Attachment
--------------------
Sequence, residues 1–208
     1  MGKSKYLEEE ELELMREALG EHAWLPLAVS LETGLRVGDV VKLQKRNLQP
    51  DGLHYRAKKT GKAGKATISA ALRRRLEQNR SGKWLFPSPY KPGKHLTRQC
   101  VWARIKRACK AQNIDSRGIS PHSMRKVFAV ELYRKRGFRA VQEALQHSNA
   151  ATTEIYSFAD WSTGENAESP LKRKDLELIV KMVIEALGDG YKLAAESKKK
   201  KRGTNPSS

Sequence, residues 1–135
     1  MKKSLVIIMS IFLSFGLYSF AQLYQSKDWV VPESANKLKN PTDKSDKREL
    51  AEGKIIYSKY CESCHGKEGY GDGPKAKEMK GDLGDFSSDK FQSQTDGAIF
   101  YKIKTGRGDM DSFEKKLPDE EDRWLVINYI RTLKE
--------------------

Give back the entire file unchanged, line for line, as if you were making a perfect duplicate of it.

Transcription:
Sequence, residues 1–208
     1  MGKSKYLEEE ELELMREALG EHAWLPLAVS LETGLRVGDV VKLQKRNLQP
    51  DGLHYRAKKT GKAGKATISA ALRRRLEQNR SGKWLFPSPY KPGKHLTRQC
   101  VWARIKRACK AQNIDSRGIS PHSMRKVFAV ELYRKRGFRA VQEALQHSNA
   151  ATTEIYSFAD WSTGENAESP LKRKDLELIV KMVIEALGDG YKLAAESKKK
   201  KRGTNPSS

Sequence, residues 1–135
     1  MKKSLVIIMS IFLSFGLYSF AQLYQSKDWV VPESANKLKN PTDKSDKREL
    51  AEGKIIYSKY CESCHGKEGY GDGPKAKEMK GDLGDFSSDK FQSQTDGAIF
   101  YKIKTGRGDM DSFEKKLPDE EDRWLVINYI RTLKE